How did Covid-19 affect kids’ mental health? A dark divide, revealed
Researchers checked 170 studies.
Covid-19 has disrupted the lives of children and young people beyond recognition. Throughout the pandemic, research has been underway to assess the impact on young people’s mental health, but much research is poor quality and so potentially misleading.
For example, a global, collaborative, and constantly updated project, DEPRESSD, has searched for research published in scholarly journals or as pre-prints on established platforms.
The project has screened the titles and abstracts of nearly 74,000 pieces of research on mental health, and — notably — found just 170 studies to be sufficiently rigorous. Some, but not all, suggest increases in anxiety, depression, and behavioral problems, and factors jeopardizing mental health, such as poor sleep, reduced physical activity, and loneliness.
Here, we have rounded up the findings of the most rigorous research which contribute to our understanding of the mental impact on children and teenagers in the U.K. from Covid-19 and resulting public health restrictions.
The format and focus of some of this research, such as those only available by government or research portals or actual referral data, means that it does not feature in the DEPRESSD review, but all are high quality.
Covid-19 and young people: Deterioration in mental health
The English Mental Health of Child and Young People Survey (MHCYP) and its follow-up surveys suggest a deterioration in youth mental health. It found that the proportion of children aged six to 16 with probable mental health disorders had increased from one in nine in 2017 to one in six in both 2020 and 2021.
This deterioration was seen across age groups, gender, and ethnicity. Children from families facing financial or food insecurity or poor parental mental health reported worse mental health.
Children and young people react differently, and also face different challenges, which is one reason that different studies may report conflicting findings. For example, a study of 1,000 13-15-year-olds from southwest England found no change in depression but reduced anxiety symptoms between October 2019 and May 2020 when measured across all the teenagers who participated.
However, when the sample was split into teenagers reporting significant anxiety or depression before the pandemic and those without such difficulties, teenagers who reported poor mental health were doing significantly better in May 2020 than when first contacted. Children who felt less connected to a school than their peers reported increased anxiety when schools reopened in September 2020.
School closures affected some families particularly harshly. Some children and young people went hungry, had inadequate or non-existent lessons, and little or no communication from their school. A poll of parents in the U.K. conducted by educational charity the Sutton Trust found that 34 percent of children and young people were spending two hours or less learning each day during the first lockdown.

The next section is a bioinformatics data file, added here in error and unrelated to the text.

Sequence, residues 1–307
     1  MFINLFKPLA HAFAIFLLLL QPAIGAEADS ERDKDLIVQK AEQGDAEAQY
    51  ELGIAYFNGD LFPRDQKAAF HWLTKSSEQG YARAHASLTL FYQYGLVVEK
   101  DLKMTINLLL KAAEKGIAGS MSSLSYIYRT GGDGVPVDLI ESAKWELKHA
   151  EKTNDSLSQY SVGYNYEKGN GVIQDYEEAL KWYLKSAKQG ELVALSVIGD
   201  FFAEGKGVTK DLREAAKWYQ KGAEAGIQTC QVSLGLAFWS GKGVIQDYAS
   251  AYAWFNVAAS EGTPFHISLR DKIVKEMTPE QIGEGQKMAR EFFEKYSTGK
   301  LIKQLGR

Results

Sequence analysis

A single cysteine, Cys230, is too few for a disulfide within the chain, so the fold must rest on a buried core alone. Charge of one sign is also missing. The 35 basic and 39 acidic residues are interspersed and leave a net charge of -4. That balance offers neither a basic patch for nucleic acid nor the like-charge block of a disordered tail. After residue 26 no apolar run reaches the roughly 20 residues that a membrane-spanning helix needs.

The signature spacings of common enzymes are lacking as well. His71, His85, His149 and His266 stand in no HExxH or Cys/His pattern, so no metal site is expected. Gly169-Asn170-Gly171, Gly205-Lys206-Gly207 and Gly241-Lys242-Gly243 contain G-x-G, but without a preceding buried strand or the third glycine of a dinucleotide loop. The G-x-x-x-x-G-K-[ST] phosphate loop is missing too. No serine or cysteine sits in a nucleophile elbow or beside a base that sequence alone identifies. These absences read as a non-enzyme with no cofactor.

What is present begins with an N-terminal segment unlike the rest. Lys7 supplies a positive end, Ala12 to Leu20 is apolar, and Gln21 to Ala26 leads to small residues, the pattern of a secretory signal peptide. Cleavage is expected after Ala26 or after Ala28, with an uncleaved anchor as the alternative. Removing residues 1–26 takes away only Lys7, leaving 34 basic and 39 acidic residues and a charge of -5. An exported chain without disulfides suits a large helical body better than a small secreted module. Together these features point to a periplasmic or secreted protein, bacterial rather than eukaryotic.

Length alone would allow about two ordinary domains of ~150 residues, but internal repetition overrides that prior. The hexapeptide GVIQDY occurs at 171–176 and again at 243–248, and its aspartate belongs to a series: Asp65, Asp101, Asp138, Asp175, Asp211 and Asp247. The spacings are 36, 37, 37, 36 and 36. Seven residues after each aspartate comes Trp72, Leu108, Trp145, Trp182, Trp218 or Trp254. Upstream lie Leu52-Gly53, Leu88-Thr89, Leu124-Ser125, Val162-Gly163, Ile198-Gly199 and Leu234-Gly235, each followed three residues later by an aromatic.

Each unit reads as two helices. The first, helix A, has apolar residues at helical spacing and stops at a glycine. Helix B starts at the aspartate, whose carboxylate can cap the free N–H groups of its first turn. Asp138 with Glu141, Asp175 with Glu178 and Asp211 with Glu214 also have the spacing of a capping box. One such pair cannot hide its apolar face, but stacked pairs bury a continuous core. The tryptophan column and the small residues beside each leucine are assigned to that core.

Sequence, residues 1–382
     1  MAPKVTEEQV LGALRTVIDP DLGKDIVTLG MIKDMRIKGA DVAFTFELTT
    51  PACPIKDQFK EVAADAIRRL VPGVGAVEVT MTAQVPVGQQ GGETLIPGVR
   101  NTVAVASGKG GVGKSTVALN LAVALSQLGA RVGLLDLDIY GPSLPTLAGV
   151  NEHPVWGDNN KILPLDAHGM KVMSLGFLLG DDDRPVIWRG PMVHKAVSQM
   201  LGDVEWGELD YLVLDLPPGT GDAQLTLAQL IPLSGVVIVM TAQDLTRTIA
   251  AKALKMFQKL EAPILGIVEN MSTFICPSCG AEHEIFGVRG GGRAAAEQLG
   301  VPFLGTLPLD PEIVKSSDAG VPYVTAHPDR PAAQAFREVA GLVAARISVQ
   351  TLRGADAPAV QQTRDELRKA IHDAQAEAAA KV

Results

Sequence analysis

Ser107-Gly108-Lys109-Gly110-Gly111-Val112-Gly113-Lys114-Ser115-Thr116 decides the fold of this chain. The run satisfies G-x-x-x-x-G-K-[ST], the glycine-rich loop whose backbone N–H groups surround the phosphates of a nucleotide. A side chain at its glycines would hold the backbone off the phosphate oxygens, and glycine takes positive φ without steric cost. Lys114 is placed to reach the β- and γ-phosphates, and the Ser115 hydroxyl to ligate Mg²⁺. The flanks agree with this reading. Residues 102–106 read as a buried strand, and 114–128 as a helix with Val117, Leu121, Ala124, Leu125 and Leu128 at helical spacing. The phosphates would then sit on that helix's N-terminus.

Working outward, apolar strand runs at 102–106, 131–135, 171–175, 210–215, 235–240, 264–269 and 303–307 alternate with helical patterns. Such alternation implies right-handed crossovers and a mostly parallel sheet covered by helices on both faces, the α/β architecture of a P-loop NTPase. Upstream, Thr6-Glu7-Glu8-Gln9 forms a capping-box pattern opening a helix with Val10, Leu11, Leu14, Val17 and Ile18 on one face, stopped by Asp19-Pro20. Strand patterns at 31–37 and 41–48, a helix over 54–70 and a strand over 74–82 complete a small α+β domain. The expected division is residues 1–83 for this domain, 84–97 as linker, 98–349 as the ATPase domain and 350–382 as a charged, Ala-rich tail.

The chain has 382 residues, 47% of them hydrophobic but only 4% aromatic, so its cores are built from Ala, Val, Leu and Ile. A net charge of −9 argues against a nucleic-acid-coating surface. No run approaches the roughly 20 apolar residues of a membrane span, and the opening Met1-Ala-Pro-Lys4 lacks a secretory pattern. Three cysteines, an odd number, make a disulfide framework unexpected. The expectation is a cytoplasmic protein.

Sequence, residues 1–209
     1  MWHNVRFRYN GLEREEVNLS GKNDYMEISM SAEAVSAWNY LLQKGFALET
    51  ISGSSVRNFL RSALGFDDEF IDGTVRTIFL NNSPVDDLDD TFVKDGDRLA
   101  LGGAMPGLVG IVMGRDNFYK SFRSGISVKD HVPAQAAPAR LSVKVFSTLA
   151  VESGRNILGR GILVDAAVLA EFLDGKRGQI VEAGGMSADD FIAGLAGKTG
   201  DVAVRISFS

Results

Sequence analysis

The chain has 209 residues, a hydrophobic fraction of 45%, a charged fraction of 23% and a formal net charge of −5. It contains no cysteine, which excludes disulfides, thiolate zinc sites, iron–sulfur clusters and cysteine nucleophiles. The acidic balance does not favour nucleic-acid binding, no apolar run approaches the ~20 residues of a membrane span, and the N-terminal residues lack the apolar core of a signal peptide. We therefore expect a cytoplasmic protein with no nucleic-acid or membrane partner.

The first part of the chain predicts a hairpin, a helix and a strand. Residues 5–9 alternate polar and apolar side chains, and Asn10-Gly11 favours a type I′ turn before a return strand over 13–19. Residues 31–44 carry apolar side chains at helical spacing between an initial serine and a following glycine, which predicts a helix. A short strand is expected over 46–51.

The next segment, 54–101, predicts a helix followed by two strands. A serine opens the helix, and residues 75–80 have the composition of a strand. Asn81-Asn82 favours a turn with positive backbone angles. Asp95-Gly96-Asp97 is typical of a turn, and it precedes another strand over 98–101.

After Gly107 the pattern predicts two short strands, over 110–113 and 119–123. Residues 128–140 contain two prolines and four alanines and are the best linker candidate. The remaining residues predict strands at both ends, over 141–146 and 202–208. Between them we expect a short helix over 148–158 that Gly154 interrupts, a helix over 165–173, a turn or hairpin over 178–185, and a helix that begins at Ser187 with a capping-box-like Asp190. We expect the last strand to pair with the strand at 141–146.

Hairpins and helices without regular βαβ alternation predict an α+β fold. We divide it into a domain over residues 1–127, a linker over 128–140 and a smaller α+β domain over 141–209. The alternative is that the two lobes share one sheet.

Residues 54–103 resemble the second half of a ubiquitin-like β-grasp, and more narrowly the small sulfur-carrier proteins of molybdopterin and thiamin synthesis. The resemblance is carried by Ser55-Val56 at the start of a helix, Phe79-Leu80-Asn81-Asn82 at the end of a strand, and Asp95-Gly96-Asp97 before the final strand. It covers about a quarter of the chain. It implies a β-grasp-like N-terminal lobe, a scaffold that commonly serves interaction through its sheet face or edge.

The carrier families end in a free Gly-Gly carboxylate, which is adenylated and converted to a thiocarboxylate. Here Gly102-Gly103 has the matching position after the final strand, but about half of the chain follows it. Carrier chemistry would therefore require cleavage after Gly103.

Research in Glasgow showed that families facing problems, such as financial insecurity, domestic violence or pre-existing mental health issues, were at a heightened risk of descent into vicious circles of escalating distress.
In contrast, families without these challenges, particularly if they could work from home and had sufficient resources to support homeschooling, often reported that their initial anxieties quickly subsided and that they valued additional time together.
Covid-19 and young people: Struggles at school
The amount of schoolwork that young people were able to complete during school closures was affected by how able parents were to support their learning.
Around one in 10 parents reported that they lacked devices such as tablets or computers to support remote schooling. This number significantly increased in households with just one parent. Poor access to remote schooling was associated with poorer mental health.
These findings suggest that we should avoid school closures as far as possible. Academic attainment is not the only area of concern here. School is where many children develop peer relationships and refine their social skills, particularly given that most live in small nuclear families.
When they are necessary, we should support the most vulnerable families to form safe childcare bubbles to allow time outside the family home.
Another particular concern is the huge increase in emergency and urgent referrals for young people with eating disorders. This is coupled with a smaller but still significant increase in routine referrals reported by NHS England.
Fluctuations in mental health are hardly surprising at a time of global crisis. However, mental health conditions that begin in childhood often persist for years. Children pay a heavy developmental price while mental health problems affect their ability to function.
Child and adolescent mental health services had been struggling to meet demand before the pandemic. Policies to improve provision have been only partially successful. We urgently need a concerted response to promote mental health among children and young people across all services that work with children and families.
This article was originally published on The Conversation by Tamsin Ford, Franki Mathews & Simon Benham-Clarke. Read the original article here.